WASHINGTON PARK — A South Side Save A Lot abruptly closed over the weekend after multiple break-ins, redirecting customers to shop at a recently opened store in Englewood, a co-owner said Monday.
Save A Lot, 344 E. 63rd St. in Washington Park, closed after at least two break-ins over the weekend, co-owner Michael Nance said. Nance is the co-founder of Yellow Banana, which operates the Washington Park location and six others in Chicago.
“There was a series of pretty bad break-ins at the site over the last couple days,” Nance said. “Windows were broken, security cameras were stolen, merchandise was stolen — there’s a lot of damage to the store. We are in the unfortunate position of not being able to operate that store in its current condition.”
At one point, employees were cleaning up from the first break-in when “people came back in with weapons,” Nance said.
Nance said he had not personally spoken with the employees who witnessed the break-in to check up on their well-being or offer resources. Yellow Banana CEO Joe Canfield “has been in communication with these folks,” Nance said Monday.
Chicago Police confirmed one break-in at the Washington Park Save A Lot this weekend. An employee who had showed up for the start of her shift Saturday morning reported a brick thrown through the front window and items taken from the store, spokesperson Michelle Tannehill said.
No one is in custody as of Monday evening, Tannehill said.
Yellow Banana is working to “resolve the situation as quickly as possible,” but there’s no timeline for reopening, Nance said. He did not commit to reopening the store.
“We’re going to do everything we can” to reopen, but “there’s not enough information to know right now” whether that’s possible, Nance told Block Club Monday evening
But Yellow Banana executives have assured city officials that the store will reopen, and the city doesn’t expect the closure to last “for very long,” Stephen Crano, a spokesperson for Mayor Brandon Johnson, said Tuesday morning.
Yellow Banana received a $13.5 million in TIF funding and another $13 million in New Market Tax Credits and private funding last year to buy and revitalize six closed Save A Lot on the South and West sides. The Washington Park location was not included in that funding.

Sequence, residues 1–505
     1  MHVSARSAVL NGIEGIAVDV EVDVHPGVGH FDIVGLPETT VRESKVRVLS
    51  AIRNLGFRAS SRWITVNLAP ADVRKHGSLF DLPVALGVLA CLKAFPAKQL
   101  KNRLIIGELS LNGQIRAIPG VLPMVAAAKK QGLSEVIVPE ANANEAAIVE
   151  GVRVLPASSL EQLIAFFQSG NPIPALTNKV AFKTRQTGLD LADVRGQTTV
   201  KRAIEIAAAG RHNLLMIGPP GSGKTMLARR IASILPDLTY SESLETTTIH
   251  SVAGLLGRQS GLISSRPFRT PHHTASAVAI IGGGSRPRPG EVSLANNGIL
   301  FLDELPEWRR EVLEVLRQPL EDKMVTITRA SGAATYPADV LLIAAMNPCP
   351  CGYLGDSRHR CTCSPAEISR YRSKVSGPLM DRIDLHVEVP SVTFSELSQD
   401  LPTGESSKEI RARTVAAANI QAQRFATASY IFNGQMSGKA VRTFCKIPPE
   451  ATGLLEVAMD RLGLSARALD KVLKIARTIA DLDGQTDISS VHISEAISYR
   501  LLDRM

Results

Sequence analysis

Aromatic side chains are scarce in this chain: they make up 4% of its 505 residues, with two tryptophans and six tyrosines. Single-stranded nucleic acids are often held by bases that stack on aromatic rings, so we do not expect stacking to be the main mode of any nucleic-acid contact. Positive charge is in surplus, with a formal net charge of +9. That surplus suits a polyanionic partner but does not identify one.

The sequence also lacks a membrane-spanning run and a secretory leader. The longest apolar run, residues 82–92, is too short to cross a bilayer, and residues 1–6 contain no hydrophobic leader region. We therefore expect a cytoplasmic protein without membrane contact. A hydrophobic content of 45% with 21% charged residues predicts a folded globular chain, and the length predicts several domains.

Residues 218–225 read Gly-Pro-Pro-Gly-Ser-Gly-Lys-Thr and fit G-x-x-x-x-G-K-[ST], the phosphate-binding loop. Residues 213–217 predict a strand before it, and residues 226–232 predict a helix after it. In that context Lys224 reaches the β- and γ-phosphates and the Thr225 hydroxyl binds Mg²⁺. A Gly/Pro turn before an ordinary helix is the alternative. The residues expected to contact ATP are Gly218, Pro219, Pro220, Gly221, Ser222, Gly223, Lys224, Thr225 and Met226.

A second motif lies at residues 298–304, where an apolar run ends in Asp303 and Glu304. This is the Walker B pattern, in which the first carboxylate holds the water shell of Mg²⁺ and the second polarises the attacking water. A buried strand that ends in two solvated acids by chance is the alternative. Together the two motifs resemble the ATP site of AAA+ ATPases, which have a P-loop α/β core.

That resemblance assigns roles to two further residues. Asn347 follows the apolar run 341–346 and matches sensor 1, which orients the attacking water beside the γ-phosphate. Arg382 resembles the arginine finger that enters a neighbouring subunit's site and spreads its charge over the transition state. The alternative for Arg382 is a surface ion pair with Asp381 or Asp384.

The company initially was approved for a community development grant, but city officials felt the revamp of the stores was a better fit for TIF funding, a mayoral spokesperson said.
The Johnson administration doesn’t plan to require the Washington Park store’s reopening as a condition of Yellow Banana receiving millions in city funding for its other Save A Lots in the city, as “we want to have faith” in the company’s partnership, Crano said.
A sign on the boarded-up store told customers to go to the new Englewood Save A Lot less than 2 miles away at 832 W. 63rd St.
Other nearby grocery stores include Jewel-Osco, 6014 S. Cottage Grove Ave. in Woodlawn, and Aldi, 620 W. 63rd St. in Englewood.
“This is not a situation where a store was closed because we didn’t want to operate a store there,” Nance said. “It is not currently operational or safe, so that’s why the store has been closed for the time being.
“We are all for opening up stores in some of Chicago’s hardest-hit communities, so it’s tough when we’re forced to keep a store from opening just because a store was damaged,” Nance said.
The Englewood store quietly opened less than two weeks ago, after residents rallied for months to have a different grocer replace the Whole Foods which left the neighborhood in November. Organizers who opposed the store did not find out about the opening until four hours after the store welcomed its first customers.
Critics of the new location have raised concerns with Save A Lot’s quality and cleanliness and said Yellow Banana officials cut them out of the conversation about opening in Englewood.
Residents repeatedly said they wanted something like an Aldi, Walmart or Mariano’s to replace the Whole Foods, but city contracts show the options for what store could take over the space were limited.
The company’s efforts to engage neighbors “were not reciprocal,” as protestors have “refused to come in to even see” what the Englewood store had to offer, Nance said earlier this month.
Yellow Banana is “engaging in conversations with local leadership and police” to ensure the Englewood store is secured against break-ins like the ones that led to the Washington Park location’s closure, Nance said Monday.
The Englewood Save A Lot is “absolutely” prepared with the inventory and staffing needed to serve a potential influx of customers from Washington Park, Nance said.
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